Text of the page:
Not at all. Michael [Melchiondo] and I have a well-greased machine. Like a quarterback and a wide receiver in grid-iron football.

How has your approach to music changed through time, if at all?
The only difference is that in the beginning we recorded at 7:30 am, after consuming strong espresso. As time passed, it changed to getting high, drinking hard liquor, and smoking cigarettes at all hours.

Mickey [Melchiondo] has previously said it’s an 'impulsive' process, is that how you’d describe it too?
Nothing is planned. It’s just the two of us in the recording process, so there are less egos and opinions on how it gets done. We do everything with conviction. You have to chew your way through a brick wall, and come out the other side covered in lime and chalk, and look good doing it.

Conventional wisdom says, don’t rant, and never insult your fans. How well does that sit with you?
Rock used to be produced for kids. The convention comes from the long and enduring time period in which rock existed. Fifty years strong it lasted. But the audiences in any shape or form grew older. As fans grew older, the aspect of adult opinion about its relevance crept in. Adults have children, and work jobs, and become afraid of real steel. The marketing directors changed it and decided that danger was not good for children, and realized that they could sell shi**y safe rock to older people.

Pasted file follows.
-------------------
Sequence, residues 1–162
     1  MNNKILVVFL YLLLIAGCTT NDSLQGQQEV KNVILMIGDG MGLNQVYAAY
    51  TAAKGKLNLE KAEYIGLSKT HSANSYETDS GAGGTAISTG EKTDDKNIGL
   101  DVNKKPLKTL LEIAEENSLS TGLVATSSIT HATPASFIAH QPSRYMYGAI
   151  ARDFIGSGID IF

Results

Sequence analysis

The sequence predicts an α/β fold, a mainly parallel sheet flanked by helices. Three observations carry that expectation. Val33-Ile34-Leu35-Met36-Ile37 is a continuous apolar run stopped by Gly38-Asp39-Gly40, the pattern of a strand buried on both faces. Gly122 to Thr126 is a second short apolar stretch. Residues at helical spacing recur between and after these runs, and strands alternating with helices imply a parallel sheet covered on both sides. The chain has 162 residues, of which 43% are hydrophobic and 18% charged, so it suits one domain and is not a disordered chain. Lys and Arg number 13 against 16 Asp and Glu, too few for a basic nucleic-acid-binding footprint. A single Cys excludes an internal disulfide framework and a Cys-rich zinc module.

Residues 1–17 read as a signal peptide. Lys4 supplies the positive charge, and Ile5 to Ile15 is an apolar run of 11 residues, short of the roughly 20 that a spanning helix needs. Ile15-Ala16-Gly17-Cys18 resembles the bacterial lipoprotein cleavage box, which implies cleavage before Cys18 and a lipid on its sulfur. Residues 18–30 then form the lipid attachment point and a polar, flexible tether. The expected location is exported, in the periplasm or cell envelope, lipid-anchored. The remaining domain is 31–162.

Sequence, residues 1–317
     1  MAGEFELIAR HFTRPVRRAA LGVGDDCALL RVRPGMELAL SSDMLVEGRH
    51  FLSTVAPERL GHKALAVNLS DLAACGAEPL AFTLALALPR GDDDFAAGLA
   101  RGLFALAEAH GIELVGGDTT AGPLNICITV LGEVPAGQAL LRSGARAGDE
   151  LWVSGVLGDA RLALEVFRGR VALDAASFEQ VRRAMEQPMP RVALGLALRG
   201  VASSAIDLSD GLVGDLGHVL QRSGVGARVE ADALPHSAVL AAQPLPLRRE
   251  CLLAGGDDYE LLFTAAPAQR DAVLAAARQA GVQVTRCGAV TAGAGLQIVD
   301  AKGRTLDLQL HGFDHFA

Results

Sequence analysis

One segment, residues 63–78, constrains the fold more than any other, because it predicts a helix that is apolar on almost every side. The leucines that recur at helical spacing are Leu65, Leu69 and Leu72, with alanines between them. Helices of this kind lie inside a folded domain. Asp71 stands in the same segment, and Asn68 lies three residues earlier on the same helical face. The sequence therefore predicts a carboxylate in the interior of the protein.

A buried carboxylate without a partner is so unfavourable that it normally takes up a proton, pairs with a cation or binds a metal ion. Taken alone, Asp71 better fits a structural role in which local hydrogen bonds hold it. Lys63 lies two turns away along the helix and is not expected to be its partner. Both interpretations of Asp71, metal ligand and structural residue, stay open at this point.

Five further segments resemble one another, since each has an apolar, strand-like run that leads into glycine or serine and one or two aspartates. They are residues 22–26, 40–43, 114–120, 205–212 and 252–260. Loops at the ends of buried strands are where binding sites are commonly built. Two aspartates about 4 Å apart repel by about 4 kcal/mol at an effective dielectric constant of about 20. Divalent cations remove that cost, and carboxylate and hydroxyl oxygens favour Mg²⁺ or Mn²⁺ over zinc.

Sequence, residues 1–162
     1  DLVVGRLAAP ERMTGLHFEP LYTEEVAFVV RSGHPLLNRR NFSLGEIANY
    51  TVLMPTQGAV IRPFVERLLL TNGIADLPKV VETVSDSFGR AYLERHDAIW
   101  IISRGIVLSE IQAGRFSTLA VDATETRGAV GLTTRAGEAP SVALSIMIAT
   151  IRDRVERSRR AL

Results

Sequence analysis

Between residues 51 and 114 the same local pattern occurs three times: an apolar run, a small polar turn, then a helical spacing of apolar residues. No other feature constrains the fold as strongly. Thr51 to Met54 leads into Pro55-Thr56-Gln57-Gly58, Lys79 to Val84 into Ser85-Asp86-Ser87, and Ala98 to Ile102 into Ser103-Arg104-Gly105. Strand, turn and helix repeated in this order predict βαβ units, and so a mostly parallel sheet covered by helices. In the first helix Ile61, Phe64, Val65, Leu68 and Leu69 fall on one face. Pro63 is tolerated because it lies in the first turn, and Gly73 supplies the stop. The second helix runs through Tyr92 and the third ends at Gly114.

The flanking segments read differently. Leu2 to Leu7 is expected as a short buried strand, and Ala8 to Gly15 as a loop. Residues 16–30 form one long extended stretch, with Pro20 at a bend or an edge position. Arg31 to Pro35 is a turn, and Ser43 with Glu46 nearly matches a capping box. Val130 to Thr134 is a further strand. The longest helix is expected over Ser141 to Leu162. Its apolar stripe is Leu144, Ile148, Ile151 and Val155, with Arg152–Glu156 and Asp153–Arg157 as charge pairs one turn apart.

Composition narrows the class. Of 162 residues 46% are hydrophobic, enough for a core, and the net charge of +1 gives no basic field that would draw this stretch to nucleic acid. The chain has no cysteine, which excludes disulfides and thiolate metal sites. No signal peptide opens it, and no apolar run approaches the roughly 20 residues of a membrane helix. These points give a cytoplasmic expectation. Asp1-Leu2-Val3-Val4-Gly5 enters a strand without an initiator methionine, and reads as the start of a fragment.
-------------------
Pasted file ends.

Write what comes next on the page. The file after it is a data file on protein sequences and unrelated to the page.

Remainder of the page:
Pete Townshend once said "rock and roll is pure Shepherd's Bush entertainment, and if you steer clear of quality, you’re doing alright." I agree, but one could argue this, because I’ve seen a lot of quality in rock, but this quality is based on a razor’s edge of danger and chance. Light-hearted hedonism is a joke.

Where do you sit with defying, or questioning, conventions like this?
So many different types of "rock" music were invented for collecting revenue from chickens**t people who felt safe with [bands like] Boston or REO Speedwagon. Easy to digest lyrics, spiced with electric guitars, to tickle the halcyon days of their youth. Pure bulls**t. I remember I could smoke and drink at an all-ages show, and the kids loved it. It got them off. Nobody cared. Now you can’t even smoke in front of grown men and women. I do it anyway just to get kicked out and reprimanded. F**k 'em all.

What makes you angry? ...Because that attitude is very "punk": that unavoidable, in-your-face, hypercritical, rebellious streak.
Injustice makes me angry, and apathy. The abdication of personal freedom, choice and self government. Shi**y rock and roll.

Some of Moistboyz' lyrics are great. They’re humorous, provocative, and equal-opportunity insulting. With gangsta rap and hip-hop taking over from where rock once was, has offensiveness lost its impact?
"Offensiveness" is based on pure social parody and sarcasm, and sometimes a way to punch the face of a dictator trying to tell me how to live and what to think. I spent eight years listening to Public Enemy, The Ghetto Boys, Da Lynch Mob, NWA, Ice-T, etc. Michael and I ate this s**t up.

These groups were pure American poets. They articulated what I knew at home. Most white folks didn’t live the way I did. They listened to rap for its power, and its "blackness". They were Americans to me, good strong American poets and writers, who kicked out some of the best f**king jams I ever heard. Moistboyz, at times, are just like that. I don’t know if what I or we do matches up to that level, but we certainly try.